“The future depends on our capacity to manage change amid uncertainty” Paul Kelly
I read this quote in an article by Paul Kelly in the “Weekend Australian” newspaper recently just after returning from a Sunday church service and I was struck by its relevance to the church. For I had observed once again that if I had gone to a service at the same place 20 years ago the experience would have been pretty much the same. In other words, the change in the form, style and content of corporate Sunday gatherings over the last twenty years or so has really been miniscule.
It seems that paraphrasing the well known statement by the French writer Jean-Baptiste Alphonse Karr that-
“Plus ça change, Plus c’est la Même Chose” (usually translated “the more things change, the more they stay the same“) as –
“the more the world changes, the more the Church stays the same”
is very apt in relation to the contemporary Australian (and maybe Western) church scene. For while Kelly’s article is written in the context of social and political change, his observation applies just as much to the Church.
We live in times that can truly be described as unique, defined as they are by a rapidly and constantly changing culture, changes being inexorably driven by brilliant technological innovation and the immigration flows reordering society’s ethnic mix. The fact is that the mono-cultural European Christendom society in which and for which most mainline churches were developed and designed, is now shattered into a shimmering Kaleidoscope of ‘Live, Work and Play’ micro-communities, cultural ‘universes’ that are alien to the ‘church’ universe.
Yet, despite the overwhelming evidence of chronic and serious decline in church attendances and the well documented failure of its mission to 21st century society, a visit to most current church services is to enter a ‘Time Warp’, indeed to visit a cultural landscape where time has stood still.
The primary missional challenge we face is to fully grasp that our time is truly unique, the main characteristics of which uniqueness are rapid cultural change and uncertainty. All that can be said with any certainty of the cultural changes which will take place over the next ten, twenty, thirty years or so is that they will be rapid and unpredictable. The ‘Church of the Land That Time Forgot’ simply has almost zero capacity to manage that change amid uncertainty.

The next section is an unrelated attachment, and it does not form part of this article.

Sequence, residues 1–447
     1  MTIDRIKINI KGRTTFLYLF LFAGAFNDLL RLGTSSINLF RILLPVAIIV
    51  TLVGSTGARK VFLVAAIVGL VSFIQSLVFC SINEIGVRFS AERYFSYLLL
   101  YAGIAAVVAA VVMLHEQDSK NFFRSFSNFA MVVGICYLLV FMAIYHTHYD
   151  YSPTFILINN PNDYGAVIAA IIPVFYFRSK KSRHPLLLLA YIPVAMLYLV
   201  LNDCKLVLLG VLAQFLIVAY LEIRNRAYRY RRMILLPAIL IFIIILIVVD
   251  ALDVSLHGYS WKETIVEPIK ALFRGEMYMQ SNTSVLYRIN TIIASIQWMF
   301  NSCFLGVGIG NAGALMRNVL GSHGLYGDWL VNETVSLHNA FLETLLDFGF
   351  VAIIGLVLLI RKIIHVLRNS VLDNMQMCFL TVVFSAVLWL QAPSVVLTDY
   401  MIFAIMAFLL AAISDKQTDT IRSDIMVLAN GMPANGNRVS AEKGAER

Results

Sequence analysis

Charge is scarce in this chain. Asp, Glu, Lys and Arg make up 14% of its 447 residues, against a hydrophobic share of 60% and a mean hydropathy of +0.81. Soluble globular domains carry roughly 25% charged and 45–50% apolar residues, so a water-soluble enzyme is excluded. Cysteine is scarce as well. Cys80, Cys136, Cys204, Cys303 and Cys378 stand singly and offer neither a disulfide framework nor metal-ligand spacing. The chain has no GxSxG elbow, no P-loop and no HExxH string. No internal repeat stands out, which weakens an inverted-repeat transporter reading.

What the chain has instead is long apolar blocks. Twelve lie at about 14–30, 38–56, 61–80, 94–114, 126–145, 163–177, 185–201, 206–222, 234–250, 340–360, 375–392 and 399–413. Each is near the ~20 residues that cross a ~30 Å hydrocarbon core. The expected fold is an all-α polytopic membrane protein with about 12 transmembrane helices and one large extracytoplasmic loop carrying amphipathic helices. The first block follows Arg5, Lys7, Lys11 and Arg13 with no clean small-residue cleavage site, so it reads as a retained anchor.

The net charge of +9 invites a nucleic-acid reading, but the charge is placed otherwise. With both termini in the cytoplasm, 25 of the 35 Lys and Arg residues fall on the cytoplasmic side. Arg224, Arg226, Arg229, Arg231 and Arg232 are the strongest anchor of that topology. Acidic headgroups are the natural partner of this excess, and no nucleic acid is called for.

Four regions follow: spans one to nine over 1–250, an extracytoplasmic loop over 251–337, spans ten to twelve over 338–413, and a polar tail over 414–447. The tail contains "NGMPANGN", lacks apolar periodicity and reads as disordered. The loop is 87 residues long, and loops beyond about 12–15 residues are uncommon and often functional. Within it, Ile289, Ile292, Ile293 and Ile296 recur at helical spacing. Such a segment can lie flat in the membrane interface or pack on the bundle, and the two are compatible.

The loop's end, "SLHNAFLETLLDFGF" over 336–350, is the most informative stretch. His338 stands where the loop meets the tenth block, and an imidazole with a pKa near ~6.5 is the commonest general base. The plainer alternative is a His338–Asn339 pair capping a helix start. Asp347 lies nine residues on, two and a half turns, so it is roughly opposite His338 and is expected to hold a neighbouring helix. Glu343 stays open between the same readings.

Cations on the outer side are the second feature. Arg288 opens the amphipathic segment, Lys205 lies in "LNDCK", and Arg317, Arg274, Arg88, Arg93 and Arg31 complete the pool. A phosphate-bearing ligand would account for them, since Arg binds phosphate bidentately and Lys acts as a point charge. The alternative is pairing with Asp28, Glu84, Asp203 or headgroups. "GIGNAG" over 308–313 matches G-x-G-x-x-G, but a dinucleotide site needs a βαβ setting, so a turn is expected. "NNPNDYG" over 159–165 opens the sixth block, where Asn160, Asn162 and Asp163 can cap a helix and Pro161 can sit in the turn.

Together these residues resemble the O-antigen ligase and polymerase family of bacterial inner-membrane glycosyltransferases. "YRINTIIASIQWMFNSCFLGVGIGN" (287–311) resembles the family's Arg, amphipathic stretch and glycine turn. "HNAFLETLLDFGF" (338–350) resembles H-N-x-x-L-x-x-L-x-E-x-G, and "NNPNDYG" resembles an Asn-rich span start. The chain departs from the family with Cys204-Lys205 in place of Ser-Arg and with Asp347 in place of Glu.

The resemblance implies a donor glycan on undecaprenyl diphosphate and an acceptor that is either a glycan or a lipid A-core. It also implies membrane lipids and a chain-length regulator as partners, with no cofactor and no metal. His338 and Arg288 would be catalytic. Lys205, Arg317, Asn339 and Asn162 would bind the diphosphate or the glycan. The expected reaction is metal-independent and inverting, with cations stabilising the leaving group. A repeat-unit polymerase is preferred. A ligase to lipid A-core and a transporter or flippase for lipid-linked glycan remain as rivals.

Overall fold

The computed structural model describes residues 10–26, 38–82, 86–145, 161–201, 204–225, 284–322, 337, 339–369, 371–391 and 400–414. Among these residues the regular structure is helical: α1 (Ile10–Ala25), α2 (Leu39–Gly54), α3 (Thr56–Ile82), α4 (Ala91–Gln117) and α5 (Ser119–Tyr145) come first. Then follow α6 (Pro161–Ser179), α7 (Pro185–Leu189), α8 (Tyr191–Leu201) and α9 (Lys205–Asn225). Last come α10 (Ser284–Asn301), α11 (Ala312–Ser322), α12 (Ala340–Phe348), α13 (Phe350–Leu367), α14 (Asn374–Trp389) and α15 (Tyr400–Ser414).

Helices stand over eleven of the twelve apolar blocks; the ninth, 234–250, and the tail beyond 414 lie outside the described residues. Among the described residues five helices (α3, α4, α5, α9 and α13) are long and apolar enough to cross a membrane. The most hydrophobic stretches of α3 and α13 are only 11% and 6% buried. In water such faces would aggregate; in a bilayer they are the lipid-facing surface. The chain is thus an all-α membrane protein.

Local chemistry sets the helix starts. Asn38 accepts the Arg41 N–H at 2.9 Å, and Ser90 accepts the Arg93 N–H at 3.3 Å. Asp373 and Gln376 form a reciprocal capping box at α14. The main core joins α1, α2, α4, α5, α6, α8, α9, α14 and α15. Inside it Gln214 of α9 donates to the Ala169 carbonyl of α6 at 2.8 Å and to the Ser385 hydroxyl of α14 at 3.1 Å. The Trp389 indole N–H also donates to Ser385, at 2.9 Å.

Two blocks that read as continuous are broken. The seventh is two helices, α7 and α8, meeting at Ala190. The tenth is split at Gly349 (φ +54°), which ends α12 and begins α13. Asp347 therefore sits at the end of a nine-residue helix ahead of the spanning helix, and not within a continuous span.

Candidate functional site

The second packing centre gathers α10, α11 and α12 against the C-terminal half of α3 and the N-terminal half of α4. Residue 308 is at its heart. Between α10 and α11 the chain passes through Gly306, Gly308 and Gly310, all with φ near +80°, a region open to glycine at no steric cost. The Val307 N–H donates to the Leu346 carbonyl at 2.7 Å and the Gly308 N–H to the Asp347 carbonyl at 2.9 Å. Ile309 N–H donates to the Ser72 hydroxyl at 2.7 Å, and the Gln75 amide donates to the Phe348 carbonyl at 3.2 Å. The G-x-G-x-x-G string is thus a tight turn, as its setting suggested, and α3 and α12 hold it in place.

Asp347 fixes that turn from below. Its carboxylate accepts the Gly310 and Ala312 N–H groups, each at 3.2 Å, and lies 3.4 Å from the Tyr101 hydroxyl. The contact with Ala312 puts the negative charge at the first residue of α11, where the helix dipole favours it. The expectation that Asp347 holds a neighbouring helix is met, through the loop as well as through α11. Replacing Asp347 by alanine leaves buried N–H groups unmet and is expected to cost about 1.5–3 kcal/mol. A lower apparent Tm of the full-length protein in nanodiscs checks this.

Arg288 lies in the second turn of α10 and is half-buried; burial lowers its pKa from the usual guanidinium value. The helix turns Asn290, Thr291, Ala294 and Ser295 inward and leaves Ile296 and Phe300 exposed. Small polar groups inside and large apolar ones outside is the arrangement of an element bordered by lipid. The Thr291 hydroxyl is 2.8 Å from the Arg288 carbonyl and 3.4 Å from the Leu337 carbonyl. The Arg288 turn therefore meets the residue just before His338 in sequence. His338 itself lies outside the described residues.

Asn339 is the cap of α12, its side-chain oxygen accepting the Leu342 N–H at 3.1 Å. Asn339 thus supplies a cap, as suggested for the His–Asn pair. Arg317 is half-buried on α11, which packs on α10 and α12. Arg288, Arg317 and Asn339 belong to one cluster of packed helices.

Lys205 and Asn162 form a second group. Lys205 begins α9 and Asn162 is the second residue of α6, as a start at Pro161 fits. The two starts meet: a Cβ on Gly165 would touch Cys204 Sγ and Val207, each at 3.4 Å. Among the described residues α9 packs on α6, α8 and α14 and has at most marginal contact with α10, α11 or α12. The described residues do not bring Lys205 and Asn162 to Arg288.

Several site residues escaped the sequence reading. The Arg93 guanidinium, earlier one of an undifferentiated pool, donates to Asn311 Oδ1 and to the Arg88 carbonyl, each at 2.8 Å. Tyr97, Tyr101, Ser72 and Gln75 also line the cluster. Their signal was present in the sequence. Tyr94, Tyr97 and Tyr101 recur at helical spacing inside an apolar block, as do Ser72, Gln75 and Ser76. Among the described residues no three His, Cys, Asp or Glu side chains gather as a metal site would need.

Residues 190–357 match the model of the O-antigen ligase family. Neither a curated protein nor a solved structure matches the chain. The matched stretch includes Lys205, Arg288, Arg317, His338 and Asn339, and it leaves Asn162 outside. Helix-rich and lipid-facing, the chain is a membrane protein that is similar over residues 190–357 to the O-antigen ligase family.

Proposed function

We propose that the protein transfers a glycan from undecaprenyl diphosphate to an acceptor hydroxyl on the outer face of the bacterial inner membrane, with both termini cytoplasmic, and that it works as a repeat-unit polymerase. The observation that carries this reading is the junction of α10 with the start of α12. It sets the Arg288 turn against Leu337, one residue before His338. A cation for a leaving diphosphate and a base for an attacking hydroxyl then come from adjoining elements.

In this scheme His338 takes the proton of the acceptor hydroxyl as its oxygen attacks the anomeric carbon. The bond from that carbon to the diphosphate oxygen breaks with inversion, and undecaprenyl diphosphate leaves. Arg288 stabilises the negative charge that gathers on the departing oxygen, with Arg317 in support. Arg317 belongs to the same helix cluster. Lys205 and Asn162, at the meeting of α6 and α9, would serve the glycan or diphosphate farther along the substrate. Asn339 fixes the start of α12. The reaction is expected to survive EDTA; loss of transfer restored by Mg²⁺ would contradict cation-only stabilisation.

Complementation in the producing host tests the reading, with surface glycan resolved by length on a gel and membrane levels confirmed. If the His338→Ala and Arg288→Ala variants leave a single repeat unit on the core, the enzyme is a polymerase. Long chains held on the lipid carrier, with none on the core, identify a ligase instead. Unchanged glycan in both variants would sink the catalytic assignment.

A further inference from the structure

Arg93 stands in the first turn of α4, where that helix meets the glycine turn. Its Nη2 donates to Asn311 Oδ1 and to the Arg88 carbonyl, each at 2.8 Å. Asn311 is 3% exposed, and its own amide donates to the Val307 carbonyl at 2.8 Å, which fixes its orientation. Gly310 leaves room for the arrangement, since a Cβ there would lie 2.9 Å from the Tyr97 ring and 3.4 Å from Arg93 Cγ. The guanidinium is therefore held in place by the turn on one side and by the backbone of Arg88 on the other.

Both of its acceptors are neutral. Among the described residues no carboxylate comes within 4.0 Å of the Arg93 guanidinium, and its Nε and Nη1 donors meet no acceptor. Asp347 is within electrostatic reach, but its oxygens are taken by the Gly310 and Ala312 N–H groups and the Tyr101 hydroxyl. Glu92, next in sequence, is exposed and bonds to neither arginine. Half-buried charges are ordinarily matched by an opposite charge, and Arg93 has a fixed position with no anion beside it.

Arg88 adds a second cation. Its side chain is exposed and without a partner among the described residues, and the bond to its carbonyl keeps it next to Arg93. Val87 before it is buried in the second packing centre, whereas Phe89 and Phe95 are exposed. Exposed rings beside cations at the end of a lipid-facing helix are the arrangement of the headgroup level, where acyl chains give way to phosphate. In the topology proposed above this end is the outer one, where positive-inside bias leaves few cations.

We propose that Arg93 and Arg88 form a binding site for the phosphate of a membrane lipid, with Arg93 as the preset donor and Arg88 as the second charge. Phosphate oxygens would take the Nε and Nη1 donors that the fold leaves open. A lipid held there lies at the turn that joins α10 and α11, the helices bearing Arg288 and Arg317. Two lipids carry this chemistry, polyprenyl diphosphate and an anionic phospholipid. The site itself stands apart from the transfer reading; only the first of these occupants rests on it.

The brute reality is, that for the church to be effective in mission, intrinsic to its DNA must be a capability to constantly reinvent itself. Here is the key ‘Mind-shift’ required , because the missional church, contra the existing one, must not be locked into any specific shape.
Indeed, applying Kelly’s truism to the church, its future depends on the church’s “capacity to manage change amid uncertainty”, for one thing is certain in the future and that is uncertainty.
The church’s capacity to manage change in this uncertainty will govern its future. So, given the current evidence that its capacity for change management is miniscule, the future looks bleak, for the reality is that in the ongoing cultural ferment, current, unresponsive fixed models of ‘church’ and mission will not survive.
It must be stated that the essential core of the Gospel, that salvation is only by Grace alone through Faith alone in Christ alone, cannot change. However, the way that message is communicated to those stumbling in the gathering spiritual darkness of the 21st century must change, not just once but repeatedly with the ever rotating cultural kaleidoscope.
This will be costly. Indeed there is a massive cost to change, not least because it will bring great opposition (mostly from church members and leaders), for as the former United States President Woodrow Wilson once said “if you want to make enemies try to change something”. Tragically and regrettably that cost is now far higher than it would have been if this issue had been taken seriously and addressed 20 or 30 years ago, but it is a cost that must be paid.
For “The Church’s future will depend on its capacity to manage change amid uncertainty”, yet there is currently a general resounding refusal to acknowledge the need for radical change, and a myopia to the realities of the swirling seas of cultural uncertainty of the future missional landscape.
However, in that uncertainty there is actually one thing that is certain, which is that the more the world changes and the Church stays in ‘the Land that Time Forgot’ the more it will decline.